Data from: Genomic and phenotypic differentiation of Arabidopsis thaliana along altitudinal gradients in the North Italian Alps
Günther, Torsten; Lampei, Christian; Barilar, Ivan; Schmid, Karl J. (2016), Data from: Genomic and phenotypic differentiation of Arabidopsis thaliana along altitudinal gradients in the North Italian Alps, Dryad, Dataset, https://doi.org/10.5061/dryad.61d1m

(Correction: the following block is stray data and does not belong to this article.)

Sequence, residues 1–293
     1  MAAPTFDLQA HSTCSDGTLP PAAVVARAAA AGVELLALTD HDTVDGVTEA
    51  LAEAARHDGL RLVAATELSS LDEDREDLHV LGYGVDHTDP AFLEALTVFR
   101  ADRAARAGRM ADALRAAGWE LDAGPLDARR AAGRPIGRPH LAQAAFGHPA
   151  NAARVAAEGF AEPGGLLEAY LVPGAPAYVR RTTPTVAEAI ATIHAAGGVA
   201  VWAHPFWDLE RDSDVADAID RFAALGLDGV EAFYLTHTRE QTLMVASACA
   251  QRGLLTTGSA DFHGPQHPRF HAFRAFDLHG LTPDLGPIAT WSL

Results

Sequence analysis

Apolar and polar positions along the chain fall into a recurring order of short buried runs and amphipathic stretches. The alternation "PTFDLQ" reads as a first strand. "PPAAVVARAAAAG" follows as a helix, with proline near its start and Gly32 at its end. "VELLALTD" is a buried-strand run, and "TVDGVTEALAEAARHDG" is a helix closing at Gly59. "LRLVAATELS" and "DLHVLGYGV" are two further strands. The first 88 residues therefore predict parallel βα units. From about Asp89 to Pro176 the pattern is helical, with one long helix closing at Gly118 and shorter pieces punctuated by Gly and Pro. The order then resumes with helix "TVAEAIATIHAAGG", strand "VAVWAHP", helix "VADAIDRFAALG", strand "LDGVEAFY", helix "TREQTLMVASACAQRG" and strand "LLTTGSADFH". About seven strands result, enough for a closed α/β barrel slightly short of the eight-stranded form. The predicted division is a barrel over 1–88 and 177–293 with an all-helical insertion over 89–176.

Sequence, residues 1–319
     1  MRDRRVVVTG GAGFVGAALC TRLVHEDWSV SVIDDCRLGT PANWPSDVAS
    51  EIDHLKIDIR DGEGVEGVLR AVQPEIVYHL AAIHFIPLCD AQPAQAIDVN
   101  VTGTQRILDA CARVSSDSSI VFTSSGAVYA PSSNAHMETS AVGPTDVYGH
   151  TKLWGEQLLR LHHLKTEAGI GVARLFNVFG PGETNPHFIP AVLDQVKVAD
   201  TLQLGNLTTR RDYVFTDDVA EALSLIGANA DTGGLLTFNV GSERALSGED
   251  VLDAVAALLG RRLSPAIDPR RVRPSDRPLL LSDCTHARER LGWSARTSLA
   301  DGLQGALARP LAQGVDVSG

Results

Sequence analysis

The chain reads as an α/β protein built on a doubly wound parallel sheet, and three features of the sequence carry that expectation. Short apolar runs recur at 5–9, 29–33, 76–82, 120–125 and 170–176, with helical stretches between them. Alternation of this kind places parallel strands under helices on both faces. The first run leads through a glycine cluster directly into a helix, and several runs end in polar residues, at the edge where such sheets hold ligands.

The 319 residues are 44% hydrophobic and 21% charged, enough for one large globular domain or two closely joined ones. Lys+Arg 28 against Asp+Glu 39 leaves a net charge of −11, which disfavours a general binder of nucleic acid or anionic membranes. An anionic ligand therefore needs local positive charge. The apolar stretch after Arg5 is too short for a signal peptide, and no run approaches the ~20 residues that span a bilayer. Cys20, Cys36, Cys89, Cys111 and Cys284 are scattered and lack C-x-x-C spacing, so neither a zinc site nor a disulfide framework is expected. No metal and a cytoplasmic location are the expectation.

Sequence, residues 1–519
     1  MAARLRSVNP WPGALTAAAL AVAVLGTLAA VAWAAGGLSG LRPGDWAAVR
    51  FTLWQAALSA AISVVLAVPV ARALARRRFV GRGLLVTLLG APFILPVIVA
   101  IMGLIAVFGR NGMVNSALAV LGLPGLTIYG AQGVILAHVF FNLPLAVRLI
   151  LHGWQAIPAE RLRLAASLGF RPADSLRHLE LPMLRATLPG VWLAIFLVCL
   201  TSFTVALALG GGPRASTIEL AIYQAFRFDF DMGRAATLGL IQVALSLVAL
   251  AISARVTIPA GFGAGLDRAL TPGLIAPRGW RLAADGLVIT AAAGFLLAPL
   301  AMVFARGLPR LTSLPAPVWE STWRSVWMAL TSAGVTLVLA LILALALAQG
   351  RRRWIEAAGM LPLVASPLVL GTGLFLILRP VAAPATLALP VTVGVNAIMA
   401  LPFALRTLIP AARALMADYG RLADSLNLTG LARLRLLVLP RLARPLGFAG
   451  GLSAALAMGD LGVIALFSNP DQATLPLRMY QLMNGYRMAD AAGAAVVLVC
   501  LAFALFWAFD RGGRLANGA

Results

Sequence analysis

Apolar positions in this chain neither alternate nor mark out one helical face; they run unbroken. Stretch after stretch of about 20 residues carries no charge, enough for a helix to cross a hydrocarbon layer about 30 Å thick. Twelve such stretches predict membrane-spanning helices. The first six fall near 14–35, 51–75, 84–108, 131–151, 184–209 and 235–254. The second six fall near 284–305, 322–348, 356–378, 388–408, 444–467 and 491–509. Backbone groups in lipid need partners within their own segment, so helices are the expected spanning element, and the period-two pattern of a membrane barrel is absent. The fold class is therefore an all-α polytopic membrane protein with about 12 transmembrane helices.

Altitudinal gradients in mountain regions are short-range clines of different environmental parameters such as temperature or radiation. We investigated genomic and phenotypic signatures of adaptation to such gradients in five Arabidopsis thaliana populations from the North Italian Alps that originated from 580 to 2350 m altitude by resequencing pools of 19–29 individuals from each population. The sample includes two pairs of low- and high-altitude populations from two different valleys. High-altitude populations showed a lower nucleotide diversity and negative Tajima's D values and were more closely related to each other than to low-altitude populations from the same valley. Despite their close geographic proximity, demographic analysis revealed that low- and high-altitude populations split between 260 000 and 15 000 years before present. Single nucleotide polymorphisms whose allele frequencies were highly differentiated between low- and high-altitude populations identified genomic regions of up to 50 kb length where patterns of genetic diversity are consistent with signatures of local selective sweeps. These regions harbour multiple genes involved in stress response. Variation among populations in two putative adaptive phenotypic traits, frost tolerance and response to light/UV stress was not correlated with altitude. Taken together, the spatial distribution of genetic diversity reflects a potentially adaptive differentiation between low- and high-altitude populations, whereas the phenotypic differentiation in the two traits investigated does not. It may resemble an interaction between adaptation to the local microhabitat and demographic history influenced by historical glaciation cycles, recent seed dispersal and genetic drift in local populations.